Energy & Environment

Gavin Newsom plants flag on climate, spurring 2024 chatter

California Gov. Gavin Newsom (D) is positioning himself and his state as a national leader on climate issues amid speculation of a possible 2024 White House bid.

Newsom, even as the Biden administration is increasingly stymied by the Supreme Court and Sen. Joe Manchin (D-W.Va.), hopes to show how the Golden State can lead the way on tackling climate change while Washington is in a quagmire.

Newsom’s state budget package, unveiled in January, included $22.5 billion to combat climate change. In May, he revised the proposal to add another $9.5 billion.

Newsom also spearheaded the state’s strictest-in-the-nation tailpipe emissions standards through a legal standoff with the Trump administration, which attempted to repeal a federal waiver allowing the rules. The waiver was restored this year by Environmental Protection Agency (EPA) Administrator Michael Regan. 

California leading the way on green issues is nothing new, but Newsom has a unique chance to carve out a role for himself at a time when Democrats are increasingly looking for choices beyond President Biden.

“Under previous governor Jerry Brown, California was a beacon of climate leadership at a time when we lacked it at the national level under the previous administration,” Michael Mann, director of the Earth System Science Center at Pennsylvania State University, told The Hill in an email. “Here Newsom is working with the administration to advance the cause of climate action, and the California tailpipe emissions standards are a good example of that. California is setting an example that other states will hopefully follow.” 

A number of states have voluntarily adopted California’s tougher emissions standards, most recently Virginia under former Gov. Ralph Northam (D).  

Newsom also has been one of the most public Democratic critics of the Supreme Court’s decision in West Virginia v. EPA, in which the high court ruled the Obama-era Clean Power Plan was not legally authorized as a method of regulating power plant emissions.  

California has “historically been the one that responds most aggressively” among the states on climate issues, Severin Borenstein, faculty director of the Energy Institute at Haas at the University of California, Berkeley, told The Hill in an interview.  

Under Newsom, “we’re doing it again with everything from grid decarbonization to electric vehicles to decarbonizing buildings,” Borenstein said, as well as local initiatives like moving to ban natural gas hookups. 

Since the Supreme Court’s decision, Newsom has increasingly framed his state as a bulwark against inaction at the federal level.

“While the court has once again turned back the clock, California refuses to go backward — we’re just getting started,” Newsom said after the decision. “California will remain the tentpole for this movement with record investments and aggressive policies to reduce pollution, to protect people from extreme weather, and to leave our children and grandchildren a world that’s better off than we found it.” 

California, a state where gas prices jumped to $6 and $7 per gallon in some locales earlier this summer, plans to phase out oil production in the state by 2045. The state, which would have the world’s fifth-largest economy if it were a country, has also formed a number of international climate partnerships under Newsom, including collaborations with Canada, New Zealand, Japan and China.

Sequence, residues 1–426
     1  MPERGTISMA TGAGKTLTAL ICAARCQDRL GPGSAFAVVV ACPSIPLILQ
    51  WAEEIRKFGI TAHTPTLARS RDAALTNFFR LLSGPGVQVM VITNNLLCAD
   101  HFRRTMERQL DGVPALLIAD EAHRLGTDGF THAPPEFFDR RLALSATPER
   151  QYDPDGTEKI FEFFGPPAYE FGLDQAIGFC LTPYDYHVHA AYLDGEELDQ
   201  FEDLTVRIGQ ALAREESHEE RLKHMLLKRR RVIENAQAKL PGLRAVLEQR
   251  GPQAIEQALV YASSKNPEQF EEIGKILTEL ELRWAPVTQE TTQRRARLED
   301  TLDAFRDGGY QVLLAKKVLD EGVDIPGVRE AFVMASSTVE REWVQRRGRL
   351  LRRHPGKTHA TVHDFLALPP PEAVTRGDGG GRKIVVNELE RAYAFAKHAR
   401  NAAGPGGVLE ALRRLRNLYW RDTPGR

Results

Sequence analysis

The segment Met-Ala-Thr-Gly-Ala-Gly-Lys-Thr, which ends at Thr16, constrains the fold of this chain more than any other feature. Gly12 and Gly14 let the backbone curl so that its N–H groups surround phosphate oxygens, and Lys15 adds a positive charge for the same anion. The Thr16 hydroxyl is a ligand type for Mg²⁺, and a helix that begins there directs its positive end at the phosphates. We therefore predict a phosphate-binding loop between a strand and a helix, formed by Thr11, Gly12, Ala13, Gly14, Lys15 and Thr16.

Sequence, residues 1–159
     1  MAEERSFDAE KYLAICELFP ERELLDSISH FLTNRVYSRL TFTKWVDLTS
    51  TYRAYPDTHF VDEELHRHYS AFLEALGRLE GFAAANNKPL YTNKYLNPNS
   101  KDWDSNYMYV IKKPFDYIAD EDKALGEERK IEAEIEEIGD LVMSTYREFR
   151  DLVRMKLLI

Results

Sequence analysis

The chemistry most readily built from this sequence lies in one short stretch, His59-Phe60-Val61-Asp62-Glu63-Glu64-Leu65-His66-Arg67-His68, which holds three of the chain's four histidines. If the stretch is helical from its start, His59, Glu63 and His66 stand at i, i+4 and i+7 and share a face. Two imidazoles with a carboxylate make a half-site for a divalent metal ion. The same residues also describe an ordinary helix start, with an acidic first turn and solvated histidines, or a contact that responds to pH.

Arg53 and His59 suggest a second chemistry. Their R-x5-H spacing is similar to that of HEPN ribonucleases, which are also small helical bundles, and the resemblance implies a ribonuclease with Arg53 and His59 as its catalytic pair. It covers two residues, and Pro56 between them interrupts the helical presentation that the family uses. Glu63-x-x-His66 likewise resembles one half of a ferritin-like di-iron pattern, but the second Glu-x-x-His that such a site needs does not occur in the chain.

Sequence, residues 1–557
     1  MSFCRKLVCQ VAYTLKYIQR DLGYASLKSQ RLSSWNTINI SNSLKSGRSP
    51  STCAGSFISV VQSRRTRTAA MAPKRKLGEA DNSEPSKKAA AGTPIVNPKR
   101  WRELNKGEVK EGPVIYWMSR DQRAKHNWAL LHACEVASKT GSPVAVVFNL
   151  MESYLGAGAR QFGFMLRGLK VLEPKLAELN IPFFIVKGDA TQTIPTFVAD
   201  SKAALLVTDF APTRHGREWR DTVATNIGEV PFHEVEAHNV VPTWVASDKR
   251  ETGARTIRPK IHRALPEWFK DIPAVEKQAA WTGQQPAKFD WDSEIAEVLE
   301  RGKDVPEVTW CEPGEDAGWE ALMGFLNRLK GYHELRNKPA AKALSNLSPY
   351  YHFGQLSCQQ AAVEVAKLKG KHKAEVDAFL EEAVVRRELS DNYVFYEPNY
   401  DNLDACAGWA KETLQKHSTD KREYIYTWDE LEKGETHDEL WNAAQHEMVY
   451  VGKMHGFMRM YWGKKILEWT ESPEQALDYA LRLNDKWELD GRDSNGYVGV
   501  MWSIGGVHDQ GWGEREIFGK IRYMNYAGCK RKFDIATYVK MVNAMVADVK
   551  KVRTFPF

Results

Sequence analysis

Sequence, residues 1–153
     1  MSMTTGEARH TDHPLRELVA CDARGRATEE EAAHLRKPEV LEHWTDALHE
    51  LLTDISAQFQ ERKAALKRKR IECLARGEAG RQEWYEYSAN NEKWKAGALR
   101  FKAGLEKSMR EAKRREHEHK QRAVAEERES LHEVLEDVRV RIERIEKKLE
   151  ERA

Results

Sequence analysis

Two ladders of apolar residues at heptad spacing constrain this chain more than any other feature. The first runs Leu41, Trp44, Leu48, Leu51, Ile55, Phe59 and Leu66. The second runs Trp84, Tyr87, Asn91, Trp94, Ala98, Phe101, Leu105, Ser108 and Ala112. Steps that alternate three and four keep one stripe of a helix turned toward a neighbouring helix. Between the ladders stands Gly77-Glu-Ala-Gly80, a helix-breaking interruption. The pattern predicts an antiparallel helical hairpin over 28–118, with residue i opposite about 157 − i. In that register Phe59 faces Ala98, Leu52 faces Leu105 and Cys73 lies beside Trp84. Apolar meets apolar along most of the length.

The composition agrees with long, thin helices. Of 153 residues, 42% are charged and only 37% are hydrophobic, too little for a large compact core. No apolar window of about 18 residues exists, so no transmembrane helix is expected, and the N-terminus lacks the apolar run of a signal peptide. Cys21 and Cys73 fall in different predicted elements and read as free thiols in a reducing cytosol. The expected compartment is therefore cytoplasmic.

At the federal level, chances of taking action on climate change took a serious hit last week when Manchin announced he would not support climate provisions in a reconciliation package.

Newsom hasn’t been explicit in suggesting a 2024 run for the White House, but if Biden does not run he will immediately be seen as a possible contender along with Vice President Harris, Transportation Secretary Pete Buttigieg and Illinois Gov. J.B. Pritzker (D).

In addition to his public actions on climate change, Newsom has thrown red meat to the Democratic base with a TV ad blasting Florida Gov. Ron DeSantis (R).

Newsom called the suggestion that the ad, which aired in Florida, was a prelude to a presidential bid “nonsensical” last week during a visit to the White House, saying he was inspired by DeSantis’s threat to penalize the Special Olympics over vaccine mandates. 

Newsom has repeatedly cast his state, which holds a Democratic legislative supermajority, as a model for concrete action.

“A lot of jurisdictions talk a good game. They put out headline grabbing pronouncements of ‘We’re going to reduce greenhouse gas emissions 40 percent below 1990 levels by 20-fill-in-the-blank’ as a substitute for the hard work,” Newsom said in an January interview with CNBC

Whether he runs or not, the California governor is likely to remain a national figure in fights over environmental regulation — earlier this year, a coalition of Republican attorneys general, many of whom were plaintiffs in the West Virginia case, sued the EPA over the emissions waiver, arguing it violated the legal doctrine of equal protection.  

Borenstein called the pending lawsuit “a real worry,” adding “this Supreme Court seems to think that it can sort of dance on both sides of the federal-state divide depending on what public policy it wants to endorse, rather than with a real constitutional basis.” In its most recent term, the court issued opinions both curtailing state’s authority to restrict gun ownership and overturning Roe v. Wade, which barred states from banning abortion.  

At the end of the day, Borenstein said, “as much as it’s great that I think California is continuing to push ahead, and we’ll never substitute for federal action is where we still need to address climate change.” 

Tags Biden California Climate change Gavin Newsom Gavin Newsom Jerry Brown Joe Biden

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